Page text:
This pro-Semitism was unquestionably to some extent due to Chapman’s political dependence on a devoted Jewish friend, Mr. Isaac H. Klein of New York, who worked with him in his efforts at reform. “The Jews have in my experience,” he writes in a letter dated from Wall Street, a little later in 1897, “more faith than the Christians. They have clever heads, better hearts and more belief in the power of good every way. They gave to the world all the religion it has got and are themselves the most religious people in it. I work with them day and night and most of the time is spent in prying up some Christian to do a half day’s work.”
But between the 1890’s and the 1920’s, Chapman’s attitude toward the Jews underwent an astonishing change. One gets the impression from a letter, written from Atlantic City, of December, 1919, that his disillusion may have begun with the spectacle of crowds of vacationing Jews who did not strike him as being the equals of Habbakuk and Isaac Klein: “They are uncritical,” he now writes. “Life is a simple matter to them: a bank account and the larder. No, they will never rule the world. They are too easily deflected—absorbed and satisfied. It is foolish to rule the world and the Jew knows it. They are crumbling material for the hands of their leaders, and ropes of sand. They have too much sense—and will go for the glittering garments and not murder Progress. They strike me as an inferior race, in spite of their great advantages. . . . But to return to the Jews, my long acquaintance with Klein and his club makes me at home with them—but I’m glad I haven’t more Jewish blood in me than I have. I don’t want any more. These people don’t know anything. They have no religion, no customs except eating and drinking.”
Note here again the specter of Jewish power. As Chapman watches a crowd of Jews behaving in a perfectly natural way, he concludes that they will not “rule the world.” Why should he have expected them to?—and why should he be surprised that these citizens from New York and Philadelphia show an interest in their larders and their bank accounts? Do Americans of other stocks not give evidence of similar interests? Later on, he went even further and began to link the Jews with the Catholics in his attacks on the Catholic church. He actually got to the point of publishing in an organ of the Ku Klux Klan—the National Kourier of May 29, 1925—the following queer anti-Semitic sonnet:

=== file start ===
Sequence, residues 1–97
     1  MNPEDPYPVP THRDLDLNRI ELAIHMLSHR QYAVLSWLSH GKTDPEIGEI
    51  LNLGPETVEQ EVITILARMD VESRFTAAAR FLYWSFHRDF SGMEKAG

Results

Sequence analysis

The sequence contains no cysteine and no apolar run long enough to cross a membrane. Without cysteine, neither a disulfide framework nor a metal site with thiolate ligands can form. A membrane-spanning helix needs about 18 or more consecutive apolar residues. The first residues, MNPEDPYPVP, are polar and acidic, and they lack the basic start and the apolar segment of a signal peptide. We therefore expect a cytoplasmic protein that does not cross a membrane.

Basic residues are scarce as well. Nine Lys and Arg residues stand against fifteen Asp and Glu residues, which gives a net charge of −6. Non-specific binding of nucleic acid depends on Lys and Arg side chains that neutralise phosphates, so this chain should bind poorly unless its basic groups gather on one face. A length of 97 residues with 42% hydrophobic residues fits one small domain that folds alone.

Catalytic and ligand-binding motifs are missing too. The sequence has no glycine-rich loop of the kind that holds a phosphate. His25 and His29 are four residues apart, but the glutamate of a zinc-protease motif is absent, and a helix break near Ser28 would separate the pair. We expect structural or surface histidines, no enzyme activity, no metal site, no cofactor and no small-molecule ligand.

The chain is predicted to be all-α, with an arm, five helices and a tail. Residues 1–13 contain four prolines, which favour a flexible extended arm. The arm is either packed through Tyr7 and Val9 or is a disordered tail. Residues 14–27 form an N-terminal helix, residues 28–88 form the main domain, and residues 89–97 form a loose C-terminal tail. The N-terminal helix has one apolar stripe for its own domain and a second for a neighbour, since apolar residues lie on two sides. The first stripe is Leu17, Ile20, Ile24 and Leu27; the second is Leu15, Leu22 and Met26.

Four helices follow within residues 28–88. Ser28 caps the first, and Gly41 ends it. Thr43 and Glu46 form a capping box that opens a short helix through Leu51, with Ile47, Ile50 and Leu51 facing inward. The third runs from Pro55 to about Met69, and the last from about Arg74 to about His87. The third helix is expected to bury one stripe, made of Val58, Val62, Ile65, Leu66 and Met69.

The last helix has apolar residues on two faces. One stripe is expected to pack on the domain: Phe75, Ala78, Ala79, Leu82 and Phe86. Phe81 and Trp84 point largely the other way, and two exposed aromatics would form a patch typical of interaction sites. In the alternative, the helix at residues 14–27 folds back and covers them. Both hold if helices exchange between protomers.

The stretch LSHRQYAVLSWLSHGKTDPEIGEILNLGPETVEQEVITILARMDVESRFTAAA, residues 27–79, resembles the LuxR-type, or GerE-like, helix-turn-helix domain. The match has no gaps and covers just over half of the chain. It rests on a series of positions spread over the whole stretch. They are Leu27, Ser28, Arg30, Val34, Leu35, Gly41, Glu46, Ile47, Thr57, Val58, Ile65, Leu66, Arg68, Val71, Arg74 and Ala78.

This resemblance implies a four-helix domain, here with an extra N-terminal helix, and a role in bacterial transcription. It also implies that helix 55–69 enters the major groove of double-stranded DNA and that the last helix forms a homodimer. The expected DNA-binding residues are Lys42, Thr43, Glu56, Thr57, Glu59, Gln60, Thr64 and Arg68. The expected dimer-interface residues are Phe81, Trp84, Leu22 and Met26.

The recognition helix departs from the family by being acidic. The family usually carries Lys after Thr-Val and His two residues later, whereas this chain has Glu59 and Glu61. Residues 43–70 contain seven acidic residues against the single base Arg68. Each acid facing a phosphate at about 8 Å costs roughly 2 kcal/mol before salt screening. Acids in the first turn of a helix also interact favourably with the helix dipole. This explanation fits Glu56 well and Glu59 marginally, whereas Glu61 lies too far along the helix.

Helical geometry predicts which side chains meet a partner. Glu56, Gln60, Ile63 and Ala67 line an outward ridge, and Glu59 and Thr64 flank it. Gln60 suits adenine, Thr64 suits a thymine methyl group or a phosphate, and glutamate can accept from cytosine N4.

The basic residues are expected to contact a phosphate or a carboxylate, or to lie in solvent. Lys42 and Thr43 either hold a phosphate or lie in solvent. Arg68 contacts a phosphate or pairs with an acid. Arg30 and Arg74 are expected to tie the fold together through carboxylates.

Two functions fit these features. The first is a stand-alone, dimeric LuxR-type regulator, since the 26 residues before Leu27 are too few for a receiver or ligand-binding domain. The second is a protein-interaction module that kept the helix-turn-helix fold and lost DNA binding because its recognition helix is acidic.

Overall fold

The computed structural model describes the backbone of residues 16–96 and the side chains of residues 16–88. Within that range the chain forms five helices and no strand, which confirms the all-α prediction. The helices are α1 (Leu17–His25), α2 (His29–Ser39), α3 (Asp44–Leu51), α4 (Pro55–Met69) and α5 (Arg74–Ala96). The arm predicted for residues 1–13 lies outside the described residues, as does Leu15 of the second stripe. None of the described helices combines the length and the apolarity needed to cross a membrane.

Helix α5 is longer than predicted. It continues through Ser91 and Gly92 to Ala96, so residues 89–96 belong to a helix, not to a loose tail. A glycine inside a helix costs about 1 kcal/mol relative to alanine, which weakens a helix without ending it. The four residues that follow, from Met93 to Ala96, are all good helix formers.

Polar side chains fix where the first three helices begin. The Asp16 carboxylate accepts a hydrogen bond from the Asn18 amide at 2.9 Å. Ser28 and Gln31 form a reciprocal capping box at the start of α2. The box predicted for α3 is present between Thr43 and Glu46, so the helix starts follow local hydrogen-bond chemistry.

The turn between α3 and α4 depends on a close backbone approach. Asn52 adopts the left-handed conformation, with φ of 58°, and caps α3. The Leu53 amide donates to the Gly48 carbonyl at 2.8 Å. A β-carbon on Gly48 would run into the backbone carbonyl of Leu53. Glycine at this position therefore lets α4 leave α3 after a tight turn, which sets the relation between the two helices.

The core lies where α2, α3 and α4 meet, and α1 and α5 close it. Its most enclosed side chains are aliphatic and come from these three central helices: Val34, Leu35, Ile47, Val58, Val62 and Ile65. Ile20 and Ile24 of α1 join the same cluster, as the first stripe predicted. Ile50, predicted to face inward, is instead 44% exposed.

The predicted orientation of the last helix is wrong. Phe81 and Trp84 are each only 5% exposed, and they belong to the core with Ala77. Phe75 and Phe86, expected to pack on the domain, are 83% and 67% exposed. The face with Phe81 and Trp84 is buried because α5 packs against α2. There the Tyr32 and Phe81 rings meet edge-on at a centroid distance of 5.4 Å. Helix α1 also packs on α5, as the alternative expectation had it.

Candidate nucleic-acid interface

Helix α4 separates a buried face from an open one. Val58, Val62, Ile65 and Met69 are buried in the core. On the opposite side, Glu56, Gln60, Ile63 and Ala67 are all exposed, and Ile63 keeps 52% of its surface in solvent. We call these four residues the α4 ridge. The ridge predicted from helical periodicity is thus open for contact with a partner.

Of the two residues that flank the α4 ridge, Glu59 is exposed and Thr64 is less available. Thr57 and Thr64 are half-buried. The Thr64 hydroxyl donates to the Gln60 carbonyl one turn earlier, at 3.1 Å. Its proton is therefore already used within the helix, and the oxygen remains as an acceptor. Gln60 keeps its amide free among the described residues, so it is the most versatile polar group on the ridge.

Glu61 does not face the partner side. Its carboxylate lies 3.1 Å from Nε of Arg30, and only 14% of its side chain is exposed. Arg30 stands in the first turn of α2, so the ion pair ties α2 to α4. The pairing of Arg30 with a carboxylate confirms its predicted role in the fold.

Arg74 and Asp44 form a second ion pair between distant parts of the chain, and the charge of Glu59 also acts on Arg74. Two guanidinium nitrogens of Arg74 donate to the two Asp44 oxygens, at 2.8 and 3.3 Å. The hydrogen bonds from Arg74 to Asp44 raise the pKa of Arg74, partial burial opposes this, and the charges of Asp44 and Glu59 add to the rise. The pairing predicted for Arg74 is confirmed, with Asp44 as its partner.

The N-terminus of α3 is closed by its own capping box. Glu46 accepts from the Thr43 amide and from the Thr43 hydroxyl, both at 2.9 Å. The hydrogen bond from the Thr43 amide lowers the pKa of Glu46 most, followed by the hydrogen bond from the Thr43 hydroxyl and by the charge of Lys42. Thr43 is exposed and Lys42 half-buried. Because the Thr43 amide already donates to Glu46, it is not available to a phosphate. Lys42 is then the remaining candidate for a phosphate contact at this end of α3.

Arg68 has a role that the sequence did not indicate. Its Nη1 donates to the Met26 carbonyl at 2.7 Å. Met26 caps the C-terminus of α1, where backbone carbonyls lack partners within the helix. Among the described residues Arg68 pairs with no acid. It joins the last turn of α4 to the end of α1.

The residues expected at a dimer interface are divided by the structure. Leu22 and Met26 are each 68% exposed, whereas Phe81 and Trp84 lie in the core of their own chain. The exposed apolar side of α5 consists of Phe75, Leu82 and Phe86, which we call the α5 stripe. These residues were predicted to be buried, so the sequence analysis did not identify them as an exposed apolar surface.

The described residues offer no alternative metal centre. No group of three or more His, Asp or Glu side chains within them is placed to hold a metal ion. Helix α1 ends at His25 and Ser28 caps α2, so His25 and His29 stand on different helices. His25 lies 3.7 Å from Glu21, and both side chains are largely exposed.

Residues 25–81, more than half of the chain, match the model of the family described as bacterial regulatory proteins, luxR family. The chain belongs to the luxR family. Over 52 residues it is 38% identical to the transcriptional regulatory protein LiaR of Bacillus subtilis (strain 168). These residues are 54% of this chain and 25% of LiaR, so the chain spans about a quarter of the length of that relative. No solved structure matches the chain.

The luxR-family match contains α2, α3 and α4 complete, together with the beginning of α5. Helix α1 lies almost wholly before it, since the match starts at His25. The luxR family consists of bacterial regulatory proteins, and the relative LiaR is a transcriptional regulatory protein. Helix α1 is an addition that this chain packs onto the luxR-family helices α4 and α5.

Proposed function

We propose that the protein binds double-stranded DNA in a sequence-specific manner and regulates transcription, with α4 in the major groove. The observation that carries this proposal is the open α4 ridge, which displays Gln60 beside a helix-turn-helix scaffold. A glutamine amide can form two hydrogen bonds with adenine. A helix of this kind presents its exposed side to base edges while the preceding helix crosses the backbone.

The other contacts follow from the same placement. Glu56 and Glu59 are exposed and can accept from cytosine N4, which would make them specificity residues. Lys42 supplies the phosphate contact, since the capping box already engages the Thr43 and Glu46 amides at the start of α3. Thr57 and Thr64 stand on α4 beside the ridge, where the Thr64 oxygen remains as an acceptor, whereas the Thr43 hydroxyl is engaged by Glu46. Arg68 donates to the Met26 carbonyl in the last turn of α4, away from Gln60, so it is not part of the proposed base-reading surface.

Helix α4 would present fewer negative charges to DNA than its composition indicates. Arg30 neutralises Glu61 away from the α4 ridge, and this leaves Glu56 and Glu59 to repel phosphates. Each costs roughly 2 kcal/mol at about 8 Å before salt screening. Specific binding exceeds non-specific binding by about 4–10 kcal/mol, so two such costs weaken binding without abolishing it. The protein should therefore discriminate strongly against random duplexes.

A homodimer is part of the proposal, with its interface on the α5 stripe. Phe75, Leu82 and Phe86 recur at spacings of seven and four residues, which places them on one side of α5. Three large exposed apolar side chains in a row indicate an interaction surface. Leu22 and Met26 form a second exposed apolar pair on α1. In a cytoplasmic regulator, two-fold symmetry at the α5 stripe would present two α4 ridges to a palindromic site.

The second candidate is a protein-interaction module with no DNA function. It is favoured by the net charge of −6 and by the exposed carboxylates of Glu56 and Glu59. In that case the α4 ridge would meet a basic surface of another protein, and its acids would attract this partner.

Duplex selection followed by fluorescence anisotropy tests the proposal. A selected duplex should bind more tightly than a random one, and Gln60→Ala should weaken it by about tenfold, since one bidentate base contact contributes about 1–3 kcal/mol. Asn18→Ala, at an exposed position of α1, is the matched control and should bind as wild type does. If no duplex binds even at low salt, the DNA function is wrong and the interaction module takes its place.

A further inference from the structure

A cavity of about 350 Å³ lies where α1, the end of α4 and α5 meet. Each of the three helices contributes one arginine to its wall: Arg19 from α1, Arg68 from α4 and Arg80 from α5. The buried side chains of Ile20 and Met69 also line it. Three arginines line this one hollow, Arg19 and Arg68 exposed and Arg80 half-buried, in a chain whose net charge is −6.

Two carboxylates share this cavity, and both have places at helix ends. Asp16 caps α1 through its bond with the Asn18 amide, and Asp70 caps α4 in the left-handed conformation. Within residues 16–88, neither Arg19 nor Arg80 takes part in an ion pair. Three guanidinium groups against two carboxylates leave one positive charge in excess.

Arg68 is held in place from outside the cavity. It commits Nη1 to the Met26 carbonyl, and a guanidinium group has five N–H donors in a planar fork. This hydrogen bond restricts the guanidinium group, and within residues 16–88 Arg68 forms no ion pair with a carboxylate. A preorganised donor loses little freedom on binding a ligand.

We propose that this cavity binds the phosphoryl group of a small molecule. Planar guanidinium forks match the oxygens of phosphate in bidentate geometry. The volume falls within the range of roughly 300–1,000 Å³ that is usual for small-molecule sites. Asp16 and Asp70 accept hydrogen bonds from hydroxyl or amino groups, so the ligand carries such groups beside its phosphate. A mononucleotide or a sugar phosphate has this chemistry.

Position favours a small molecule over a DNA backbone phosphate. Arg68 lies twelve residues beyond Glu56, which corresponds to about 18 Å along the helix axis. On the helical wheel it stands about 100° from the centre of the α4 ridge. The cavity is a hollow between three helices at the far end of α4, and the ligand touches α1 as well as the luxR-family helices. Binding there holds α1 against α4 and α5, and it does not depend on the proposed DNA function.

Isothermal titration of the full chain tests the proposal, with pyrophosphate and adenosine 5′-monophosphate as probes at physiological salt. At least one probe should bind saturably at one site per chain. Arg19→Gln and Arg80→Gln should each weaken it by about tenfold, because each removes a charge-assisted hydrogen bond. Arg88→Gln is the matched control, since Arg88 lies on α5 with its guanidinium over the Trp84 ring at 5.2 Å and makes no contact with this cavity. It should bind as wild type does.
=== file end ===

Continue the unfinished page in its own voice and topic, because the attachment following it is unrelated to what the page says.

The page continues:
How restful is it to survey the sea
From some low, windswept, silvery, sandy
And watch the eternal climbing of the moon
Full-orbed, above the shore’s complacency;
Wondering the while if Asian plains there
Or rock-walled valleys, never shined upon,—
Save by the perpendicular sun at noon,—
So safe, so guarded, so remote as we.
But see, a saill—nay more,—from every land
They cloud the ocean, convoyed by a crew
Of Master Pirates who have work in hand:
Old Europe’s nation-wreckers heave in view!
And lo, to aid them, on our margin stand
Our citizens,—the Jesuit and the Jew.
There is, I think, involved in Chapman’s case, as perhaps in Lowell’s also, a special relation to the Judaic element in the New England Puritan tradition. This tradition came to life again—after a partial eclipse during the early 1800’s—in the Abolitionist crusade against slavery that inspired so much of the ardor of the Federal forces in the Civil War. “The Battle Hymn of the Republic” comes straight out of the Biblical Prophets, and the Old Testament Jehovah takes the field again at the head of the Federal armies. In the period before the war, Lowell had been stirred by this fervor—under the influence, it is said, of his first wife—and had worked for the Abolitionist cause; John Jay Chapman, who was proud of his grandmother, and had relived the Abolitionist movement in writing his book about Garrison, had once traveled to a Pennsylvania town where a Negro had been burned alive, to hold an expiatory meeting—a meeting at which he was the only speaker and to which only two people came. Both Lowell and Chapman, in their later years, more or less dropped crusading, somewhat lapsed in their faith. The former, Ambassador to the Court of St. James, became an official figure; the latter, having married a well-to-do wife, became the proprietor of a country estate and a somewhat petulant critic of everyone in literature and politics who was playing a more active part than he. Both, perhaps, had a bad conscience. In Lowell’s case, he seems half to hope, half to fear, that the Puritan-Jewish Jehovah is going to take over the world; in Chapman’s case, he seems—not admitting it—to be gnawed by a sense of guilt toward the moral inspiration of the Jews in which he has felt he shared: he accuses lest he stand condemned.